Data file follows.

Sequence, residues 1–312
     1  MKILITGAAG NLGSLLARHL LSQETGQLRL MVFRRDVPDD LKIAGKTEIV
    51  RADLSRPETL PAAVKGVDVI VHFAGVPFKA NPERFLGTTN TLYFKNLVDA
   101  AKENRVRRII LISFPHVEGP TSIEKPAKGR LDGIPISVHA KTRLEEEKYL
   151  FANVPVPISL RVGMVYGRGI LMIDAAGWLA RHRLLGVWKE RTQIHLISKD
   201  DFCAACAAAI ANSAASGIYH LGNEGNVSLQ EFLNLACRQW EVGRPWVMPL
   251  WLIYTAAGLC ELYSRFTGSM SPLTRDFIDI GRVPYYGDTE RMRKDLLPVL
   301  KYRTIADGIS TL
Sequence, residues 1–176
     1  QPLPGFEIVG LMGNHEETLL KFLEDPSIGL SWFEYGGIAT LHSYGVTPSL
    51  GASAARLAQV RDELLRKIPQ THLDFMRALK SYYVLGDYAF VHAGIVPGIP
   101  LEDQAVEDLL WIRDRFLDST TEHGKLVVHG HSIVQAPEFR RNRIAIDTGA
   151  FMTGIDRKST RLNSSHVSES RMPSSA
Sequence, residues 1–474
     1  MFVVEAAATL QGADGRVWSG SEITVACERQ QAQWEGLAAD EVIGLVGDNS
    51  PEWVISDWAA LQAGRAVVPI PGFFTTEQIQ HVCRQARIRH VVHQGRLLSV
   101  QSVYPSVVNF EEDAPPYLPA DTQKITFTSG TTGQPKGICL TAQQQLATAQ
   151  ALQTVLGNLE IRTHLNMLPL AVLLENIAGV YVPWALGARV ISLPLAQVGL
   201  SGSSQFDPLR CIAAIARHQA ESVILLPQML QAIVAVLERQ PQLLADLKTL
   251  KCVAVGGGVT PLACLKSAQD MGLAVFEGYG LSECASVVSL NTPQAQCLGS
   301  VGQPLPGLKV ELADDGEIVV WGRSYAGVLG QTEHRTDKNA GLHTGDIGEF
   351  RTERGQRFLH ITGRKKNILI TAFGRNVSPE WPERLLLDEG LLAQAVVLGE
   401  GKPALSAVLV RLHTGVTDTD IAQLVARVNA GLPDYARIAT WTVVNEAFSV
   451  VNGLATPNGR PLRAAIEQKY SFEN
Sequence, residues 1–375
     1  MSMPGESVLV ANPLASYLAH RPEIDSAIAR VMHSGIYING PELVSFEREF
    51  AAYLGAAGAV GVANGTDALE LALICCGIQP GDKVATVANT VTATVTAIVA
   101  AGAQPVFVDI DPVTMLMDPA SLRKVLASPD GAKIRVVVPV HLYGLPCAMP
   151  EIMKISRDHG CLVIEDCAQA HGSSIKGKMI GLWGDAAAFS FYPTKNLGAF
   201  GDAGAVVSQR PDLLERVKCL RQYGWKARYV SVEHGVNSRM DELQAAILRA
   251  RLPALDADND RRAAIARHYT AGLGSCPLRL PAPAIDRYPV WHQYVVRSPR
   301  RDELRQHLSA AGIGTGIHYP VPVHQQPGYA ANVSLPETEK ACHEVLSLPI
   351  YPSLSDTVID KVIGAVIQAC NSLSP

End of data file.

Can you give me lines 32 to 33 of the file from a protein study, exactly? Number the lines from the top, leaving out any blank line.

   301  RDELRQHLSA AGIGTGIHYP VPVHQQPGYA ANVSLPETEK ACHEVLSLPI
   351  YPSLSDTVID KVIGAVIQAC NSLSP